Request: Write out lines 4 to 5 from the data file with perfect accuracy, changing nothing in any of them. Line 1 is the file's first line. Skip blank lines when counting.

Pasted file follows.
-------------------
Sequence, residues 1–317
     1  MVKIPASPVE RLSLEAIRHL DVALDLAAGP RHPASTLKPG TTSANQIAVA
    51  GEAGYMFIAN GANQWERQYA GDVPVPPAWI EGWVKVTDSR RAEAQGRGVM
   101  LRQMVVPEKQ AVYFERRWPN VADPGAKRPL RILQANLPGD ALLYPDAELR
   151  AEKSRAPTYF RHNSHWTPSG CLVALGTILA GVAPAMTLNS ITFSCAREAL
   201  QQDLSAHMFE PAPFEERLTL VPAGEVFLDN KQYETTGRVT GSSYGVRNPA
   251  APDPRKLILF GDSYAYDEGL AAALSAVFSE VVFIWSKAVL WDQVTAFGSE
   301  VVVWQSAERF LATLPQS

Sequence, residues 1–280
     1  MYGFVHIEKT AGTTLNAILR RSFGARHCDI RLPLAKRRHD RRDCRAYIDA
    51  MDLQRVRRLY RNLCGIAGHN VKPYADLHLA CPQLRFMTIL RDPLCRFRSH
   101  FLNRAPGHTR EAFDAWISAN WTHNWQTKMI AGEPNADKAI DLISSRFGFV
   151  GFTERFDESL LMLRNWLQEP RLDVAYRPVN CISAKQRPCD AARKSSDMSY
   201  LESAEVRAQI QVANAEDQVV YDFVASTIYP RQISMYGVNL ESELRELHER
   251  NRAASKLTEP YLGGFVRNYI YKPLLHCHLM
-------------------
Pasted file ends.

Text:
   101  LRQMVVPEKQ AVYFERRWPN VADPGAKRPL RILQANLPGD ALLYPDAELR
   151  AEKSRAPTYF RHNSHWTPSG CLVALGTILA GVAPAMTLNS ITFSCAREAL